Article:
While governments strive to tackle Covid-19 pandemic and revive their economies from its ravages, concerns about possible misuse of covid-19 funds continue to grow in Africa.
This is according to the COVID Transparency and Accountability Project (CTAP).
A research conducted in seven African countries (Ghana, Nigeria, Malawi, Sierra Leon, Kenya, Cameroon, Liberia), by CTAP showed a lack of transparency and accountability for COVID-related expenditure.
“While most countries signed up to processes such as open contracting and beneficial ownership in accessing the funds, there has not been full compliance as seen in the obvious gaps,” the CTAP report said
The Government of Ghana has since the emergence of the health crisis drawn billions of dollars in credit and grant schemes from the International Monetary Fund (IMF), World Bank, Bank of Ghana among other development partners.
While audit processes might be required to ascertain abuse of resources, the lack of publicly available procurement details and delays in accounting for the funds leave room for misconceptions and erode confidence in public expenditure management.
“Given that emergency procurement regimes were globally adopted to urgently save lives, the disbursement process was exposed to greater potential for fraud, mismanagement and general inefficiencies than usual,” the report said.
CTAP found that commitments under the IMF’s Rapid Financial Loan Instrument to publish procurement plans, notices, and awards related to the emergency response were largely not complied with across the seven countries monitored.
Out of the many government contracts awarded during the pandemic, details about a handful can be seen on the e-procurement platform created to facilitate public procurement processes and reduce human interface which breeds corruption.
“During the COVID-19 pandemic in 2020, only few contracts were published on the portal, other public contracts during the period were not published,” the research found.
“Generally, some of the names for companies awarded other contracts for COVID-19 did indeed come into the public domain, but not as a result of their publishing in the National Gazette by Ghana’s Ministry of Finance as is required for procurement of items which are for the national interest; some of the companies awarded were identified through the work of journalists and CSOs, with most of them not included in the list of companies vetted by the Procurement Authority,” it added.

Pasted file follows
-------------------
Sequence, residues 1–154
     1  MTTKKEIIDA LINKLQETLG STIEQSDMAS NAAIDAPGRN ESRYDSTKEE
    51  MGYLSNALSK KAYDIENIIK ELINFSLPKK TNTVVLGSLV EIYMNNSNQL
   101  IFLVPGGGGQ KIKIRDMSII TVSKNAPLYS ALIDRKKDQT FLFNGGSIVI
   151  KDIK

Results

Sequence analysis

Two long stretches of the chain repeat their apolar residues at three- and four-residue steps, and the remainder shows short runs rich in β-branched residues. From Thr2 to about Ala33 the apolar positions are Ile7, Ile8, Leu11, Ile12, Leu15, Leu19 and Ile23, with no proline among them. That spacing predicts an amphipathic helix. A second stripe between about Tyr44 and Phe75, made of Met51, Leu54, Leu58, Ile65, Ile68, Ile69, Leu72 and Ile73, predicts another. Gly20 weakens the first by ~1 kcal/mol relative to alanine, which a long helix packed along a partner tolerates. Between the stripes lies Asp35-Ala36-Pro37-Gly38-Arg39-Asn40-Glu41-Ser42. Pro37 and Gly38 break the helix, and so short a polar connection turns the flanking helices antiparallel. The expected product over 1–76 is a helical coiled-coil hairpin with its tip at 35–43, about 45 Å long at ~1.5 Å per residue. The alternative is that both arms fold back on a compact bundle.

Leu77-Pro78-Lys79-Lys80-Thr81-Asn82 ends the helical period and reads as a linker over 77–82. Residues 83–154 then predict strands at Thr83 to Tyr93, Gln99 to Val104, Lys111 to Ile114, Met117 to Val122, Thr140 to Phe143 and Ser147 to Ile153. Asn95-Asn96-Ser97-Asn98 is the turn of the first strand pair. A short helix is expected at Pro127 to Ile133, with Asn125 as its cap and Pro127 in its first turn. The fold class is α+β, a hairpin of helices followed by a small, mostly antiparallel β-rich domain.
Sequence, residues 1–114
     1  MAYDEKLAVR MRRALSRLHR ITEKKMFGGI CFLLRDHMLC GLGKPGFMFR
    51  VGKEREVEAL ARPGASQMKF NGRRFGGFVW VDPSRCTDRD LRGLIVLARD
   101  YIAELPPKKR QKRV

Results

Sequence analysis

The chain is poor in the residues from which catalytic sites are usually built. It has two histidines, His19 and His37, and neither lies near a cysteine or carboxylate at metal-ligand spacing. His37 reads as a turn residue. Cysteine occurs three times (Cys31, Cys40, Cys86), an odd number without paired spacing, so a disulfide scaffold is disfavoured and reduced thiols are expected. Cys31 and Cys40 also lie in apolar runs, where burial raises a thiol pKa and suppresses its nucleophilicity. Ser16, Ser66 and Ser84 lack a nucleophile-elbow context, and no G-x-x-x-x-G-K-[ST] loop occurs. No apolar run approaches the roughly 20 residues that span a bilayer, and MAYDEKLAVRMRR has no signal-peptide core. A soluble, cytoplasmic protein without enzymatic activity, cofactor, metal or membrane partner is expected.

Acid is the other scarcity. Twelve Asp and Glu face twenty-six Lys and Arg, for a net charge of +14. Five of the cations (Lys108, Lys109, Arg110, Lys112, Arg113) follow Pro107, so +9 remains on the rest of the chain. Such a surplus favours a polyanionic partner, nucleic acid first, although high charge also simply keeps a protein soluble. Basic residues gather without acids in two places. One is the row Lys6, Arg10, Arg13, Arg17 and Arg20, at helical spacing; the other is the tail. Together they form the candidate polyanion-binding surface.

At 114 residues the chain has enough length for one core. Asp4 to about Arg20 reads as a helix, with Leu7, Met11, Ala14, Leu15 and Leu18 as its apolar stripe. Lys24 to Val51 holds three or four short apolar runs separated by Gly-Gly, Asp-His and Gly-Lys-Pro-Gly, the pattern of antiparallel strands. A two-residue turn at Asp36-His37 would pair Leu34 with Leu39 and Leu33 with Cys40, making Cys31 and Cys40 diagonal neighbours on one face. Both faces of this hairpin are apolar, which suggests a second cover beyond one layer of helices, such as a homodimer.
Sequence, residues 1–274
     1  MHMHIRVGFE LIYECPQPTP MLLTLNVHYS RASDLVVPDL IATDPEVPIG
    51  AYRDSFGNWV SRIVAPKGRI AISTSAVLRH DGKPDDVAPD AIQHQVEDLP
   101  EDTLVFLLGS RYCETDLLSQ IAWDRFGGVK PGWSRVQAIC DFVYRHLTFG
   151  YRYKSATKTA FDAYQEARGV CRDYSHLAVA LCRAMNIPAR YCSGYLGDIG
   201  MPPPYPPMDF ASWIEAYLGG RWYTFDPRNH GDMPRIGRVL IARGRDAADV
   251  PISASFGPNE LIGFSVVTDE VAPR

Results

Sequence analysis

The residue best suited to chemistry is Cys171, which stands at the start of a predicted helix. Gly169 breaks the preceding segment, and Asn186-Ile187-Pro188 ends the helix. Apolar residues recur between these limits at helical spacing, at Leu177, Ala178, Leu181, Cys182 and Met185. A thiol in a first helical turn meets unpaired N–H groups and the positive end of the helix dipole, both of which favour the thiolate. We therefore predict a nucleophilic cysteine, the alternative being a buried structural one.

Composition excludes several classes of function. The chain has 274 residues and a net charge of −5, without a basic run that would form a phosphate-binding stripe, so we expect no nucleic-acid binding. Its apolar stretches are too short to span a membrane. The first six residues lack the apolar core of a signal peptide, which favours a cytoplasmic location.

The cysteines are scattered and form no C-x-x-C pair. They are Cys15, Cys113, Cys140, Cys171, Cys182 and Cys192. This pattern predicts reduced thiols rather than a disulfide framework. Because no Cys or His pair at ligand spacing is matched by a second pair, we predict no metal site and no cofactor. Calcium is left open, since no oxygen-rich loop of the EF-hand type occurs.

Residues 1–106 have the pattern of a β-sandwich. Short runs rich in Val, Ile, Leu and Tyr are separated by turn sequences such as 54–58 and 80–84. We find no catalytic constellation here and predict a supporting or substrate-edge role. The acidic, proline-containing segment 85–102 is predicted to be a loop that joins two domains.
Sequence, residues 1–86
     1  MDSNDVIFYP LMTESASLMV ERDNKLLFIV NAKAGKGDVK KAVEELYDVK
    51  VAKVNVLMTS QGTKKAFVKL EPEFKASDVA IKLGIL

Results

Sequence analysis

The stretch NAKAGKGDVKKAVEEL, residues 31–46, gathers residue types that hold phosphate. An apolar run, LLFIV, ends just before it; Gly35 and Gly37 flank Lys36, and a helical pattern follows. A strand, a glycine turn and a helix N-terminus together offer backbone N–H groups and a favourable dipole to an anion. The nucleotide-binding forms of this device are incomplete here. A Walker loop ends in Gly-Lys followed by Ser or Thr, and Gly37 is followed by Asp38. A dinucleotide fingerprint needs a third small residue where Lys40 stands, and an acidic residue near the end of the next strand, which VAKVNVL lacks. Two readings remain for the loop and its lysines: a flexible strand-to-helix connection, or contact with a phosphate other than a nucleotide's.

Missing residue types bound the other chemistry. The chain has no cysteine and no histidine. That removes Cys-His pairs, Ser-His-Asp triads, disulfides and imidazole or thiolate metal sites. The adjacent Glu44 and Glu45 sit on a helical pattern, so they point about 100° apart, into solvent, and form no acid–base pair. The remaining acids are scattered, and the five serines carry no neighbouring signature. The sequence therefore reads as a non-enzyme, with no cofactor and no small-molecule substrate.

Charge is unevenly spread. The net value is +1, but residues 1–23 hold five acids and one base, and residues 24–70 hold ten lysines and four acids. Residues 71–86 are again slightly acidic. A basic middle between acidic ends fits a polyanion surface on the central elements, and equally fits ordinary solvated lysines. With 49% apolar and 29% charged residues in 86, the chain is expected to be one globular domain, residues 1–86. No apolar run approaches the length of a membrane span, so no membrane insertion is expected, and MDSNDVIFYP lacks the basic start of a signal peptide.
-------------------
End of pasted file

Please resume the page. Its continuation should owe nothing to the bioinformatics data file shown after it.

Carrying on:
CTAP however, hailed the government for adopting electronic platforms in the application and disbursement of the GH¢600 million CAP-BuSS support scheme to Small and Medium-size Enterprises.
Summary from the seven countries.
According to the report, the focus African countries faced challenges adhering to high accountability standards “even amidst evidence of corruption and undue profiteering from the pandemic.”
“A common thread runs through the countries: far-reaching transparency and accountability reforms are required, especially in an emergency period such as the COVID-19 pandemic,” the report recommended.
The COVID-19 Transparency and Accountability Project (CTAP) is a Pan-African project launched in the wake of COVID-19 to track public expenditure and governments response in African countries, with the aim to deepen transparency and accountability.
The project is a collaboration with BudgIT Foundation and Connected Development (CODE), two prominent civic-tech non-governmental organizations spearheading advocacy for openness, transparency and accountability in public finance in Africa.
COVID-19: Italy to scrap quarantine for fully vaccinated travellers from UK
From 31 August, double-jabbed visitors from the UK can show a negative COVID test to avoid hotel quarantine.
Travellers from the UK will no longer have to quarantine when they arrive in Italy if they are fully vaccinated and can show a negative COVID test.
Italy’s health ministry said the five-day mandatory quarantine will be scrapped from 31 August.
The negative PCR or antigen coronavirus test must have been taken 48 hours before arriving in Italy – and it must have been at least 14 days since the second vaccine dose was administered.
Existing restrictions for visitors from other countries will remain in place.